Day 51 Monday, August 29 Austin to Middlegate Station, NV 64 miles
Ah yes…images of leisure cropped up for me again today. As I neared the second climb of the day I once again yearned for a wine country bike tour–5 miles, glass of cabernet, 5 more miles, a crisp chardonnay, repeat steps one and two as often as necessary. The second image was being able to sit on my bed with a good novel. I mailed my last one back home while in Ely and haven’t found a book store since. Carson City is just two days away and a book is definitely on the agenda. A third image has me looking forward to getting to the coast for the final leg of the tour where the ocean air will be a welcome prize for surviving the desert heat.
I have nearly come out the other side of this particular wilderness. It’s strange. Physically, I feel fine. Today I rode 64 miles with two moderately difficult climbs. As I pulled into Middlegate Station (an old stage coach stop that hasn’t changed much) I felt like I could have gone another 25-30 miles without pushing myself too close to the edge. I feel like I just get stronger every week. It’s the mental fatigue that I feel today and, I think, began yesterday as I described that I just didn’t have much on my mind. It was probably less a Zen moment than simple tiredness!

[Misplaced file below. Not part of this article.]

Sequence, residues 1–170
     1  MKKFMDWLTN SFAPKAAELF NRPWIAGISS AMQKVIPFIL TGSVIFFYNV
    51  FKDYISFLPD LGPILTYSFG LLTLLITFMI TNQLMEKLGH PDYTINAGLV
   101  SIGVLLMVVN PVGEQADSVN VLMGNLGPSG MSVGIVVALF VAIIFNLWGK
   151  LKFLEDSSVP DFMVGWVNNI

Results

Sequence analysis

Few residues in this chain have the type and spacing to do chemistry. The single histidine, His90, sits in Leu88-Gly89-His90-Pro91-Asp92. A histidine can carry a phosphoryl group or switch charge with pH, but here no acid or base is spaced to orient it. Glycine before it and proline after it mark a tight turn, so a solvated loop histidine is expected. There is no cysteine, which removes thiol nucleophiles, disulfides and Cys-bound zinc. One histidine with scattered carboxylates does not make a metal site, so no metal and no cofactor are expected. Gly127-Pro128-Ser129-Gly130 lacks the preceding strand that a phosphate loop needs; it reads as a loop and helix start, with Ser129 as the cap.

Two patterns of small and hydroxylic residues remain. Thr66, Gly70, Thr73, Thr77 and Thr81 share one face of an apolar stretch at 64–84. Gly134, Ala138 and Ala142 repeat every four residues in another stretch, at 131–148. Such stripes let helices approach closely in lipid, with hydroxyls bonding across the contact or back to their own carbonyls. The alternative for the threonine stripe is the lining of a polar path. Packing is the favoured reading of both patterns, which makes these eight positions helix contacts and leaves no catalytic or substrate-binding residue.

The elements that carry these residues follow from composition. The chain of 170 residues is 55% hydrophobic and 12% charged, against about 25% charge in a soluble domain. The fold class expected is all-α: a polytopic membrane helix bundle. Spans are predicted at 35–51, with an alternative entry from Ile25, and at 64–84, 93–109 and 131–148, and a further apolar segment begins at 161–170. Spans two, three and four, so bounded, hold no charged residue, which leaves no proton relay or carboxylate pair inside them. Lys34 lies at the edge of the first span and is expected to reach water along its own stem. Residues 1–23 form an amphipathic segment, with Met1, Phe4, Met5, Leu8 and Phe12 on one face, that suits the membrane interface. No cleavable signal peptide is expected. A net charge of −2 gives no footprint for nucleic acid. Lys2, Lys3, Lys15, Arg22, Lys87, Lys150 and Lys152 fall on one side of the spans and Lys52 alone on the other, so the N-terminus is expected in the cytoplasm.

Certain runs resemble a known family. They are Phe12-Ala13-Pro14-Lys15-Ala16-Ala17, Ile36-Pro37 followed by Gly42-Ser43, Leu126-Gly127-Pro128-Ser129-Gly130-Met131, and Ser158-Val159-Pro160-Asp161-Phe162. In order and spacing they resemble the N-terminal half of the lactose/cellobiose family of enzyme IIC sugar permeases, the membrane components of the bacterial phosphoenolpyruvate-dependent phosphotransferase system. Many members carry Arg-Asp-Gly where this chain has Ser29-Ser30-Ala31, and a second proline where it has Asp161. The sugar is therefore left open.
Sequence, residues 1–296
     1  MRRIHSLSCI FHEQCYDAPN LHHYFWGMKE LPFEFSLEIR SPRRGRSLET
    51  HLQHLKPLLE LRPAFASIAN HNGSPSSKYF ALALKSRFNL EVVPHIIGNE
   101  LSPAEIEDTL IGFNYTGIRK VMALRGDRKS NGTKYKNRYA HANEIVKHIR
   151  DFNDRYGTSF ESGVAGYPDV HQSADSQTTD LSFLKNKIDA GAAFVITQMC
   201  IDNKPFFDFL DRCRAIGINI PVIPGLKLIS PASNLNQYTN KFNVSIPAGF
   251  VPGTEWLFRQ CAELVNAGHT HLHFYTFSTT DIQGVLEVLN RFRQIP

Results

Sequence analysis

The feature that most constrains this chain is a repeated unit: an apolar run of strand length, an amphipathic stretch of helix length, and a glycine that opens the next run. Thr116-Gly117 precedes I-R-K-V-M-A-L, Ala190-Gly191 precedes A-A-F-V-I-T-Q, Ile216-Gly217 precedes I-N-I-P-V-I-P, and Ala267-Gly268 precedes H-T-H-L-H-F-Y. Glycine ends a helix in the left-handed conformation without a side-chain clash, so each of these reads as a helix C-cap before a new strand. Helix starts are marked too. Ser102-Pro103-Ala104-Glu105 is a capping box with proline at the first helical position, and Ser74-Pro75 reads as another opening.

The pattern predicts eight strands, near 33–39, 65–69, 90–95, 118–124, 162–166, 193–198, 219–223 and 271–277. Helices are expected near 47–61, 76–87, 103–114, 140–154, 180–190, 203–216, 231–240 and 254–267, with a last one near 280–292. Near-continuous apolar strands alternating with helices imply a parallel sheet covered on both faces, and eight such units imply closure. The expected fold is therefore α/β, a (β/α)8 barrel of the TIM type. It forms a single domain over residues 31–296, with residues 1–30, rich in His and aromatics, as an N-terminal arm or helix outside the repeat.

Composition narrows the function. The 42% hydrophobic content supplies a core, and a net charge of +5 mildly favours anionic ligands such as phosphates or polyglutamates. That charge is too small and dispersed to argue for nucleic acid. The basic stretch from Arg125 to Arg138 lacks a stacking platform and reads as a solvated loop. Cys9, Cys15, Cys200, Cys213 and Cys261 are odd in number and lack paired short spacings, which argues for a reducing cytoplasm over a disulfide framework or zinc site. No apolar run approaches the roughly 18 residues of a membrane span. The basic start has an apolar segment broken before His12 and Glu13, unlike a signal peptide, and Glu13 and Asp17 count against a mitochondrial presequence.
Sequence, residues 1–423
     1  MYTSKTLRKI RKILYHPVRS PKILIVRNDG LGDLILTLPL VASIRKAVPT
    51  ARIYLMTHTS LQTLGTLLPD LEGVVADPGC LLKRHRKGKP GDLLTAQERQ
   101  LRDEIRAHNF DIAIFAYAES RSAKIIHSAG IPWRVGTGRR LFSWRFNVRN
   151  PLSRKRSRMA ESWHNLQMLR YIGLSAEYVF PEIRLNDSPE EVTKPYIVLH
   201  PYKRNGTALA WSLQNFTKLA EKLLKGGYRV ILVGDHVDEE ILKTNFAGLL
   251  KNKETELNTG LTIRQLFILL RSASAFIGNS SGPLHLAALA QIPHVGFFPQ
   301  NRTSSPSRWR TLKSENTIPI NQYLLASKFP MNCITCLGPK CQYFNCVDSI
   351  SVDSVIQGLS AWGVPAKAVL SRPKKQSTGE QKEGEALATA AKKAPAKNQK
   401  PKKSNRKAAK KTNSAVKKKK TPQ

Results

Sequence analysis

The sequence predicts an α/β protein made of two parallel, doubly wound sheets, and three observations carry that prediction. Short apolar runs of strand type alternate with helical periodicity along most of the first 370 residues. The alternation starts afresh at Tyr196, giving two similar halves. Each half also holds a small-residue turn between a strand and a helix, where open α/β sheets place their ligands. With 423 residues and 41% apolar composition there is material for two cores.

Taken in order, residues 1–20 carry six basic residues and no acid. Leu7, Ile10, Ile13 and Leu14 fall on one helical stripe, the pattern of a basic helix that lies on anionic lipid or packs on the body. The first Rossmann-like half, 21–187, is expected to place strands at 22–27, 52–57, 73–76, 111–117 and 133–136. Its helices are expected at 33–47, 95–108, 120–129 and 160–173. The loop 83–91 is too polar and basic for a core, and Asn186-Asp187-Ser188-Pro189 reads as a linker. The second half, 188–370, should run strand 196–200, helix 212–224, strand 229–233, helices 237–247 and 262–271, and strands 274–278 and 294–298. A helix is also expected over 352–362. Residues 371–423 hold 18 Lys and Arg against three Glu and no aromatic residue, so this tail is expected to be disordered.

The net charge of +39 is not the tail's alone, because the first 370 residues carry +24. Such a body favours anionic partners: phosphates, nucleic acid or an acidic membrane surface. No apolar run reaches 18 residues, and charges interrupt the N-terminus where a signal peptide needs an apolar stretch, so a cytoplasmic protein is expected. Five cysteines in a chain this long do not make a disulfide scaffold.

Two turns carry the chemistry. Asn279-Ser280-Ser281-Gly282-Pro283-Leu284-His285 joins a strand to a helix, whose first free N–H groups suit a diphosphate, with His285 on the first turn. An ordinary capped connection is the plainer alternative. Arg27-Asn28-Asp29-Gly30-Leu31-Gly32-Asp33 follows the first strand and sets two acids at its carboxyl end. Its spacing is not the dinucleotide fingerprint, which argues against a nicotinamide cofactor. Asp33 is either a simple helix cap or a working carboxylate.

Actually, I am sure the heat and the dry conditions are at the root of much of this. It is one thing to wake up in the morning and prepare to ride next to a mountain stream all day. It’s another thing to wake up and begin the routine of calculating food, water, time, wind conditions, heat and storms and trying to get to the next oasis before the conditions drain the last ounce of energy from you.
Tomorrow and Wednesday should be reasonably easy days. Fallon is only 50 miles away and even though I could do more miles than that Carson City is another 60 miles beyond that. The shorter days and arriving in two large towns with more services feels like a bit of a reprieve. I said in an earlier post that each of the days on this “Loneliest Road in America” look doable, but it was the package of doing a number of days like this in a row that would be the challenge. That has been the case. It just wears one down one day at a time. I am not begging mercy, by any means. But, I do recognize the mental fatigue tonight even as my legs feel ready to go again.
In closing, the Camino de Santiago, a religious pilgrimage in Spain that dates back hundreds of years has come up a number of times. One of my church members did a portion of it two years ago. I stayed with a Warmshowers host who had completed it by bike recently. One of the commenters to this site linked me in with a bike tour group that organizes bike pilgrimages on the Camino. And this morning I met Peter in the same International Cafe in Austin who had completed it by bike a few years ago and has a certificate to show for it.
I have thought about what comes next after this pilgrimage. Leading a group on the Camino de Santiago certainly has crossed my mind. I just think how our spirituality these days is tied so intimatelywith idea of journey, openness and discovery. This pilgrimage has convinced me that there is no substitute for the kind of depth, reflection, growth and connection that one discovers on the road.
For now, though, it is best I keep focused on this pilgrimage and let the next one unfold in its own time. This pilgrimage is now calling for sleep.